Many memorial services or services of death and resurrection
employ this psalm to bring comfort and hope to the
grieving. The psalm acknowledges the presence of grief, of going
through dark places, of facing the reality of loss and death. Yet, it
offers profound comfort and hope. God is with us through it all.

Many of us have been sustained by the memorizing of the
old King James verse, “Yea, though I walk through the valley of
the shadow of death, I will fear no evil: for thou art with me.”
Death causes a jumble of feelings and emotions, deep valleys
and dark shadows. Yet the psalm carries a promise of moving
through the chaos, walking through the valleys. We may
journey there for a while; we may return there suddenly when
memories evoke a strong pang of loss, but we do not live forever
in the valley of death. And we don’t walk in the shadows alone.

One friend who was grieving the tragic death of her thirty-
year-old daughter from melanoma told me of looking out
over the water one night not long after her daughter had been
buried and seeing three lighted crosses shining on the water.
She received it as a sign of God’s presence for her and for her
daughter. Yes, they were the masts of three nighttime fishing
boats, but it felt like comfort to her. God was with her.

The psalm ends with household comforts, a grace-filled
welcome, a place at the table, a cup that overflows. From the
fields and streams in the first verses to the tables of plenty in
God’s presence, the psalm radiates assurance, comfort, and hope
in all times and seasons.

Loving God, set a table in my heart for you and for strangers and friends—a big, welcoming table of abundance, kindness, and joy. Give me that openness of spirit and quiet assurance that we will celebrate together for a long time—even forever. Amen.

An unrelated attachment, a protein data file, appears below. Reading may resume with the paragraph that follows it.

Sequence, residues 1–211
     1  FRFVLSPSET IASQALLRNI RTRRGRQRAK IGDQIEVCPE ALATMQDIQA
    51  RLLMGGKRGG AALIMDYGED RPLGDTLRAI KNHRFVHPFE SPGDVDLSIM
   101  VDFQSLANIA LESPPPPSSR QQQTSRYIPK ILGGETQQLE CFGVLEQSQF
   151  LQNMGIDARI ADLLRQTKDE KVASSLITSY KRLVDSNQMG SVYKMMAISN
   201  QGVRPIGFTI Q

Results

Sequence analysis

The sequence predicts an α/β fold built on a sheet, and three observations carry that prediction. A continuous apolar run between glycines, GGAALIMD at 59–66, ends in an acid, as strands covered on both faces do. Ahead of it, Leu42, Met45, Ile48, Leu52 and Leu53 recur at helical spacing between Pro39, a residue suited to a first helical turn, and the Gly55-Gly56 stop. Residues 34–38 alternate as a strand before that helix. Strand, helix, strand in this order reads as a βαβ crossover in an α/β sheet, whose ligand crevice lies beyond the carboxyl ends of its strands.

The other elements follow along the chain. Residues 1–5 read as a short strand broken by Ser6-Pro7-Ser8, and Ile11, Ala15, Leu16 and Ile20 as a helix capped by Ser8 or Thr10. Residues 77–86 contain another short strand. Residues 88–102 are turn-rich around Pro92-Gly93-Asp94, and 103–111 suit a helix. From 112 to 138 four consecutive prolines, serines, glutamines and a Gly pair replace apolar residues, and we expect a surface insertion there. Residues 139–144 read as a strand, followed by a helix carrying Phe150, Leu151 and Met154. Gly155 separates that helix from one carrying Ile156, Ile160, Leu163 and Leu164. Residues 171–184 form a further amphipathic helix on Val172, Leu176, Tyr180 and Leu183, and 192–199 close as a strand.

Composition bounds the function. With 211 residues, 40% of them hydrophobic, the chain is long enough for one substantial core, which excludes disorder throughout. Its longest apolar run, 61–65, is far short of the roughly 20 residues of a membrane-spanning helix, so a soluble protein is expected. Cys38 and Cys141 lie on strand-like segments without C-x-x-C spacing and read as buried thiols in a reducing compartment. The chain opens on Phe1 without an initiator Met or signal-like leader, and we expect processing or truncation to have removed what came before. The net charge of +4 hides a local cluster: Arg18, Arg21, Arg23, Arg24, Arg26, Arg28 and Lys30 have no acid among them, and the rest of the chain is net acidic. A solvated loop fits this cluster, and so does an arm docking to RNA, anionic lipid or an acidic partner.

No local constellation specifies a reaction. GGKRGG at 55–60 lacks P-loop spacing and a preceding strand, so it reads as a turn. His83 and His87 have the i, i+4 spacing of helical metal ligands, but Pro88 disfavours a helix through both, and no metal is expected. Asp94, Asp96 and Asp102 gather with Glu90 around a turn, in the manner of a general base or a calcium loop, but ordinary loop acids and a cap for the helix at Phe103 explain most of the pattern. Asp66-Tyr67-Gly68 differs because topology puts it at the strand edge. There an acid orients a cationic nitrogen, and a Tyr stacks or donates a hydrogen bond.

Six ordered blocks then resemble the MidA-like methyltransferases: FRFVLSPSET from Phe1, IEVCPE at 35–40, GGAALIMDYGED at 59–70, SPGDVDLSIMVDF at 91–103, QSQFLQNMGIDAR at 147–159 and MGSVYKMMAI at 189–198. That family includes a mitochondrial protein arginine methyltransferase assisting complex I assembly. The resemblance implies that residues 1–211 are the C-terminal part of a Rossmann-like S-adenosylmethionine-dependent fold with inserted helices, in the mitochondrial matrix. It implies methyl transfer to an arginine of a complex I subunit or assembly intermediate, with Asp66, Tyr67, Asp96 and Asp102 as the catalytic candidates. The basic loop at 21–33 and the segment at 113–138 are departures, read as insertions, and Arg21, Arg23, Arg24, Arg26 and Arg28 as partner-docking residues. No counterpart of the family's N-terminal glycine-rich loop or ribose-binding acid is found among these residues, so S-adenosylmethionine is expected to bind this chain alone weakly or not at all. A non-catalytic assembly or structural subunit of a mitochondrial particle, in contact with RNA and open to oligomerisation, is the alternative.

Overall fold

Pray the Scriptures Using Audio Lectio
Read John 9:1-41

0 Comments
Log In to leave a comment
Lectionary Week
March 20–26, 2017
Scripture Overview

First Samuel 16 reminds us of the bold risk that Yahweh took in the anointing of this young and unheralded shepherd. If 1 Samuel 16 causes us to wonder about the adequacy of all human shepherds, Psalm 23 reassures us that one Shepherd never fails. The New Testament passages consider the tension between light and darkness as a metaphor for the conflict between good and evil. In Ephesians 5, the struggle has already been resolved but takes seriously the continuing problem of sin. By means of the love and presence of Jesus Christ, even the power of evil cannot withstand the light. Then John 9 emphasizes the power of Christ as a bringer of light in the story of the man born blind.

Questions and Suggestions for Reflection

• Read 1 Samuel 16:1-13. How often do you allow external appearances to affect your decisions? In what ways are you learning to look on the heart?
• Read Psalm 23. When do you take time for yourself by slowing your pace, breathing deeply, and allowing God to restore your soul? How might this become a daily habit?
• Read Ephesians 5:8-14. How do you discover what pleases God? How does your living reflect your discovery?
• Read John 9:1-41. When have you experienced a “healing” that brought you back into community—either at home, work, or faith setting?

Respond by posting a prayer.

Whitney Simpson offers a wide-open doorway into embodied practice and awakens us to the long-held wisdom of our tradition that our bodies are sacred places where God meets us and dwells. Fully Human, Fully Divine is a true Christmas gift!”


Click here to learn more about our newest Advent book and eCourse.